Accounts of travelers in eastern Pennsylvania 200 or so years ago suggest that getting around back then in the Keystone State was anything but easy. Along with dealing with roads dotted with tree stumps, Anne Royall, among America's first female journalists and a writer of witty, opinionated best selling travel books, noted that on a two day journey on the River Road between Philadelphia and Easton in the fall of 1828, she encountered drunken coachmen, rains that stranded stagecoach wheels in glue-like mud (male passengers were required to aid in pushing them out of particular deep ruts) and at least one argumentative fellow traveler, a justice of the peace, who wielded pistols to get his point across.
Royall was not always happy with the service she found at local inns. There were undisciplined children and unhelpful landlords at Bethlehem's Sun Inn, overcharging at Mauch Chunk's (now Jim Thorpe's) Mansion House, ($3.62 for two nights "the highest bill I have ever paid in the United States") and a "dishonest, smoky, dirty" inn just outside of Allentown that she advised travelers to avoid.
But from her coach window Royall was impressed with the inns' colorful signs. "For taverns and tavern signs Pennsylvania exceeds all other states," noted the well-traveled writer. "Sometimes lions grinning at you, sometimes eagles that seemed ready to pick out your eyes, bears and Turks etc," were among the images she conjured up for her readers.
The Indian Rock Inn in Upper Black Eddy, founded in 1812, was almost certainly among the inns that fell under Royall's gaze in 1828. Towering under a picturesque cliff with the canal nearby, it calls up images of poet Henry Wadsworth Longfellow's Tales of the Wayside Inn.
If Royall could stop at the Indian Rock Inn today she would be comforted by its traditional look and more than pleased at how service has changed. Under the ownership of Tom and Beverly Schweder for the last 12 years, it offers excellent food, drink and lodging for travelers that would have been undreamed of 200 years ago.
With its big picture windows that face out on the Delaware, the inn's dining room sets a mellow mood while guests watch the picturesque river and countryside fade into the autumn night. Chef Val Roy Gerischer in the kitchen has been there almost as long as the Schweders. And although canal boats stopped coming a long time ago, there are some folks who rent horses from a nearby stable and arrive for dinner via the towpath.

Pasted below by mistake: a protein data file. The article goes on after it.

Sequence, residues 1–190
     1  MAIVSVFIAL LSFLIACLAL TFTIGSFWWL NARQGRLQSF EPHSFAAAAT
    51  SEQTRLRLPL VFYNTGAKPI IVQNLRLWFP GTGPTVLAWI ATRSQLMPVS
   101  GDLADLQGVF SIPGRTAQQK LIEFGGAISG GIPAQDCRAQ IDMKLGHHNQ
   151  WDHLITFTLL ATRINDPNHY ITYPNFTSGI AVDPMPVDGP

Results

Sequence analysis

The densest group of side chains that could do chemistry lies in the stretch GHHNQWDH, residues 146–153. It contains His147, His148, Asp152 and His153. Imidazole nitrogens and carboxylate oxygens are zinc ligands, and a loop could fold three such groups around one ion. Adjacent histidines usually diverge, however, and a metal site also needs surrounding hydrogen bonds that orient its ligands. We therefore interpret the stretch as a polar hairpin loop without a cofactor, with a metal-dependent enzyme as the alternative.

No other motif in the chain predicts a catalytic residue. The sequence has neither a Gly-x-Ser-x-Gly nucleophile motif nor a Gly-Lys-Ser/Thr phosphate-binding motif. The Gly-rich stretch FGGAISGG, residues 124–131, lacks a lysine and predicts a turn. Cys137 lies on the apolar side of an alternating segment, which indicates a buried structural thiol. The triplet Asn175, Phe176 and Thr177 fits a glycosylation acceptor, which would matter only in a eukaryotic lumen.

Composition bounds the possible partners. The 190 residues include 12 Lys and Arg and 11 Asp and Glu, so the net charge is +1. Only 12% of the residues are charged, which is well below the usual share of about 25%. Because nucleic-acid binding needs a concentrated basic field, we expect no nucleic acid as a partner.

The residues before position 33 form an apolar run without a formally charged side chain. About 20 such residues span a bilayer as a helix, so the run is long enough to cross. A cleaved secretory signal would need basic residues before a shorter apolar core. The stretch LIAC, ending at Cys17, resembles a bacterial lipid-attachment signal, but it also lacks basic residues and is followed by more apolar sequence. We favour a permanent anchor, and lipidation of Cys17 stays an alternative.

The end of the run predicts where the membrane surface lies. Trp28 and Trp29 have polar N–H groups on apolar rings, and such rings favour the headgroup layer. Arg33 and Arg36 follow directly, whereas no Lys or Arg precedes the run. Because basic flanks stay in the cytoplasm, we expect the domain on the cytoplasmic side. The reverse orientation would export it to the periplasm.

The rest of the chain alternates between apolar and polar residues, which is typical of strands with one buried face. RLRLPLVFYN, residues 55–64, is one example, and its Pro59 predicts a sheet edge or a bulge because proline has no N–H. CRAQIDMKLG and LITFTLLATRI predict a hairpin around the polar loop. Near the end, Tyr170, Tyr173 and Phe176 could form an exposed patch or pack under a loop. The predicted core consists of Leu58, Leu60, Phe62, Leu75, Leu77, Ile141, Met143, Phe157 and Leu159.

Beverly, an Ohio native, came to New York in the 1990s. It was there she met and married Tom- a cabinet maker and woodworker. "He had other jobs but decided he wanted to work with his hands," she said. They began making day trips exploring the New Jersey side of the Delaware. Frenchtown gradually became their regular stopping place. "We really didn't set out to buy an inn but the idea grew on us and it just sort of happened," says Beverly. After being shown a number of places the couple selected the Indian Rock. While admitting that recent floods on the Delaware and the economic downturn have not always made things easy, they have attracted a steady clientele.
According to Tom Schweder, who has looked into its history, the Indian Rock Inn has borne that name for at least the past 80 years. Before then it has had a number of names, among them the Rising Sun, Merchant House, and the Narrowsville Hotel. Almost all of this information came from the family members of former innkeepers who gladly shared what they knew. The Schweders had long heard that the inn was founded in 1812 but it was not until this year that they had it confirmed by a document. It is a copy of the original liquor license to the building that was brought to them by the great, great, great grandson of the first innkeeper Jacob Krause. "It is handwritten and has the date November 28, 1812 on it," says Tom Schweder.
The River Road was already a well traveled highway used by Native Americans and since the 18th century by settlers. When the Delaware Canal was built in the 1820s it attracted even more travelers. It is interesting to recall that when Irish and Pennsylvania German work crews were applying pick and shovel to create it, the inn had already been there for almost 20 years.
At that time Easton was a major hub for stagecoach traffic. By 1828 ten stage lines were operating out of town to various parts of the country. Royall recalled the fierce competition between local inns. William "Chippy" White, the owner of the Hotel Easton, who also owned an interest in a stagecoach line, refused to allow it to drop off passengers at William Shouse Green Tree Hotel. In response Shouse created a stage coach line that did the same thing to White's guests.
Major change came in the 1850s. With the arrival of the railroad, traffic on both the Delaware Canal and River Road dropped dramatically. Now able to travel between Easton and Philadelphia and back on the same day on a train, few wanted to take a dusty stage coach. Reduced to a picturesque backwater, the inns that dotted the road dealt largely with a much smaller local clientele.
A revival began in the 1920s with the arrival of the automobile and the road improvements that they made necessary. Another factor was Prohibition. At a rural roadhouse country applejack was consumed in peace and relative isolation.
The country inns like the Indian Rock that have survived have largely done so by appealing to their history and good food. And the Schweders are currently planning a 200th birthday party for the Indian Rock on November 28, 2012 with items from a traditional menu of the time to honor it.
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